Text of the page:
(2) an assessment of gender related barriers which considers gender inequalities and barriers, why they exist, and their impact on health outcomes. Applicants should consider how gender intersects with other barriers, such as age, place of residence, race/ethnicity, occupation, gender/sex, religion, education, socioeconomic status and social capital.

For both assessments, applicants are asked to include which barriers will be addressed with GF financing and expected outcomes. If an existing assessment is available (such as one completed as part of a National Strategic Plan review), it should be attached. If not, applicants are requested to complete one.

Objectives of this section

This section of the Manual includes links to the existing and substantial policy and programming guidance, as well as practice pointers to implement programmes to address human right barriers and promote gender equality at various points in the grant life cycle. It is not meant to be an exhaustive section of the guidance and resources available, but rather a guide to help programme and policy staff to develop, implement and evaluate programmes that seek to promote an enabling environment.

A key goal of this section is to facilitate an understanding of human rights, the needs and vulnerabilities of key populations and women and girls, and the interrelatedness of these areas in the context of achieving positive health outcomes for HIV, TB and malaria, and to prepare Country Offices (COs) to advocate for, and effectively implement and evaluate, programmes to promote and protect human rights and gender equality. Recognizing that these are issues which can often be misunderstood or deprioritized in funding request and in grant budgets, it is strongly recommended that relevant Project Management Unit (PMU) staff closely consult with their contact in the UNDP Global Fund Partnership and Health Systems Team (GFPHST) to answer any questions, provide guidance, and to ensure that they have access to the most up to date policies and resources. To support the introduction of this work, the HIV and Health Group has developed a vetted roster of qualified consultants who can help with policy and programme work to support design, implementation or evaluation of human rights, key populations and gender interventions.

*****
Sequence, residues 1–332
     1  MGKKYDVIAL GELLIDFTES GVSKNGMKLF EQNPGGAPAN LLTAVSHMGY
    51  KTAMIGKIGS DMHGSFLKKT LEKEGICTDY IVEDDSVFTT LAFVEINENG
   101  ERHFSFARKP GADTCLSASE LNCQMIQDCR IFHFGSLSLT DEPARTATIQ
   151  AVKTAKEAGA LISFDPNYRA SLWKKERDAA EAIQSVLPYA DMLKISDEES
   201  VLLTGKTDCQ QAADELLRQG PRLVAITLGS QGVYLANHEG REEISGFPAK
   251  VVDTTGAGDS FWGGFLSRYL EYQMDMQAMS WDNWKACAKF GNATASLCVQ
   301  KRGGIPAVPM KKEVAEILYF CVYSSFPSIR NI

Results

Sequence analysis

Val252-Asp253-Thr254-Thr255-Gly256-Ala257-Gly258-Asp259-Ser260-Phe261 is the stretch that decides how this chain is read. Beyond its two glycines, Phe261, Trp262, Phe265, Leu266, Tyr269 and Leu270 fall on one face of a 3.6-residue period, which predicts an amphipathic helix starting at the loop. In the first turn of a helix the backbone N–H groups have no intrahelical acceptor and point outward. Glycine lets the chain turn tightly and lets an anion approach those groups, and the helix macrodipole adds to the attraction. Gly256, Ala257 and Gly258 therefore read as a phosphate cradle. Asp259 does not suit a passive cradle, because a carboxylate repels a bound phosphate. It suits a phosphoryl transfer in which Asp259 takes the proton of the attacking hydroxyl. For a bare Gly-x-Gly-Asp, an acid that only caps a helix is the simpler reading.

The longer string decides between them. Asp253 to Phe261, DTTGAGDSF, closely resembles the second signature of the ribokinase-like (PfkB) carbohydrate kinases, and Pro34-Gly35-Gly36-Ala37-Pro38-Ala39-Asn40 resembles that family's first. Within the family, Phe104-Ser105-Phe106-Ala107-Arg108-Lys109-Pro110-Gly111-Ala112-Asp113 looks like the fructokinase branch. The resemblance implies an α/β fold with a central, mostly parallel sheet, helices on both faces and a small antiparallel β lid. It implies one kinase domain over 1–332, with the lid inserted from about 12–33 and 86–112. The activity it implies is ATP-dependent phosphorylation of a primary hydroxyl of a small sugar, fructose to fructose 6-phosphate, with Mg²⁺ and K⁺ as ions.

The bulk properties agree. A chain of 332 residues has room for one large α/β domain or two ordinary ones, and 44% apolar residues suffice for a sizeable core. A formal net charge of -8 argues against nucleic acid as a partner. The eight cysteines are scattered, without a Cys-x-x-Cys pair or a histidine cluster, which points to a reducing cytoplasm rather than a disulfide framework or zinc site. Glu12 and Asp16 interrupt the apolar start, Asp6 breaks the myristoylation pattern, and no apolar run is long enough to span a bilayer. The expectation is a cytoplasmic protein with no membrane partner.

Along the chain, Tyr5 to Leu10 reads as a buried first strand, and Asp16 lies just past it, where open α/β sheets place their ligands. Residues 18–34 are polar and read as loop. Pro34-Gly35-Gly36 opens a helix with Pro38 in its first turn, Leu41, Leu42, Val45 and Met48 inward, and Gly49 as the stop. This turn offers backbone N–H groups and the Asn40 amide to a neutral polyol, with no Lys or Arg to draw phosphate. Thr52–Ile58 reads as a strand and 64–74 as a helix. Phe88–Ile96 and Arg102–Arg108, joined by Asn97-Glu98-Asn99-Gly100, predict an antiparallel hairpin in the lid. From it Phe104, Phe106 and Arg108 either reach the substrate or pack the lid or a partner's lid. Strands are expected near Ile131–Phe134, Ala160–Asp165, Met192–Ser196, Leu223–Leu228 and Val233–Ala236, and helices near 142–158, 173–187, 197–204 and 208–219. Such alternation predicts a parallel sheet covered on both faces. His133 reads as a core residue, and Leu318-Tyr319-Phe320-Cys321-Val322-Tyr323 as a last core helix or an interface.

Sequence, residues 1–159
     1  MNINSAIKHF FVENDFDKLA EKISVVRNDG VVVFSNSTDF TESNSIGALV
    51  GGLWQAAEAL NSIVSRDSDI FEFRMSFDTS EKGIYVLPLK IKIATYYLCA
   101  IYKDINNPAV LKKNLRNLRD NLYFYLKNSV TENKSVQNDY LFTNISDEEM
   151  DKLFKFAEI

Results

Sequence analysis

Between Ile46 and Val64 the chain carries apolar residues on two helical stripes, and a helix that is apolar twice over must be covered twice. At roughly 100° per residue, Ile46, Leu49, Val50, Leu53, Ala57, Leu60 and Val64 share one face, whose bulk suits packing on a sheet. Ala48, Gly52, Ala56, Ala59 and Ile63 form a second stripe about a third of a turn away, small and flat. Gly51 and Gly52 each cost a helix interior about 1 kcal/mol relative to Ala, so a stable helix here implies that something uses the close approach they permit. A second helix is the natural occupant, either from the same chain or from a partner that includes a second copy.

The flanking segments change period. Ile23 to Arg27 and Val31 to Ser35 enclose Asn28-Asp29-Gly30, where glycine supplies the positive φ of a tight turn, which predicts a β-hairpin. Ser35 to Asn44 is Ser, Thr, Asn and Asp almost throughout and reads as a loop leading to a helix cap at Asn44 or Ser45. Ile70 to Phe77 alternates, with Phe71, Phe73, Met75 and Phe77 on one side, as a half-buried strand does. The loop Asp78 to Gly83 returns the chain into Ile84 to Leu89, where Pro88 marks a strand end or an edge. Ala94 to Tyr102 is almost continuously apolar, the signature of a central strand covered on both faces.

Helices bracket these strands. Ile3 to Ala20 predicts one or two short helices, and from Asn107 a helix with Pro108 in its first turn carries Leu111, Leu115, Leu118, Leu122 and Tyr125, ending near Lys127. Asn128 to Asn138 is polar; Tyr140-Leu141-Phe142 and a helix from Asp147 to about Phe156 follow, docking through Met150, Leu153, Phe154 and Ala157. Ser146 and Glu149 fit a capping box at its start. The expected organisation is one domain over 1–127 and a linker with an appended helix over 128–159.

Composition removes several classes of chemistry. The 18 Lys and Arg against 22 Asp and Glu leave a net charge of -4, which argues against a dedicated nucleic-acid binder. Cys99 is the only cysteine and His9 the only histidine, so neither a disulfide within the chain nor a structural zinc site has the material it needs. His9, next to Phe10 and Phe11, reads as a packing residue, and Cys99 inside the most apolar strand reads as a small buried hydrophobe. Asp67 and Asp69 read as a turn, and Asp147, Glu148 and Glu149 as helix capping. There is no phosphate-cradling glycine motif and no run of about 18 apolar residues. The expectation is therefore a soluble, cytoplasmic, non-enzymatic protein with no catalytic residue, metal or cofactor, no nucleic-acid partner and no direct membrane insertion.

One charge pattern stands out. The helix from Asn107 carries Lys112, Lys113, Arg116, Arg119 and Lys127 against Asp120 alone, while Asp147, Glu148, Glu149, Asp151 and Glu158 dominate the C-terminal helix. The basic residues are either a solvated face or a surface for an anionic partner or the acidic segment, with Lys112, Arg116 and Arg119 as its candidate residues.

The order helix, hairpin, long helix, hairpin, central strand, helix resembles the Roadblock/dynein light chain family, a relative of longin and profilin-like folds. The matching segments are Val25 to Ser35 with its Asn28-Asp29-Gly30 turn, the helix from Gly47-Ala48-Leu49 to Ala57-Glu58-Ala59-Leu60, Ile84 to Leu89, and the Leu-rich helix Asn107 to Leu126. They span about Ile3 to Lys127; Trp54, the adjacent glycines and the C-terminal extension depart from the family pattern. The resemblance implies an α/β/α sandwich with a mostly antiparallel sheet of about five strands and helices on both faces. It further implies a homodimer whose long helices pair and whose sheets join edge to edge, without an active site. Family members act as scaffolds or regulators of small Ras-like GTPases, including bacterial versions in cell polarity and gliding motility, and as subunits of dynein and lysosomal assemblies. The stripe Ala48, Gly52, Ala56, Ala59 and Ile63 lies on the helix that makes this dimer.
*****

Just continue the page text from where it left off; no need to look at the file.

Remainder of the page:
1In the context of HIV, gay men and other men who have sex with men, sex workers and their clients, transgender people, prisoners and people who inject drugs are the main key population groups. These populations often suffer from punitive laws or stigmatizing policies and are among the most likely to be exposed to HIV. For TB, KPs include people living with TB/HIV co-infection, migrants, refugees and displaced people, miners, prisoners, children in contact with TB cases, and people who inject drugs. The concept of “key populations” in the context of malaria is relatively new and not yet as well defined as for HIV and TB. However, there are groups that meet the criteria for key populations. Refugees, migrants, internally displaced people and indigenous populations in malaria-endemic areas are often at greater risk of transmission.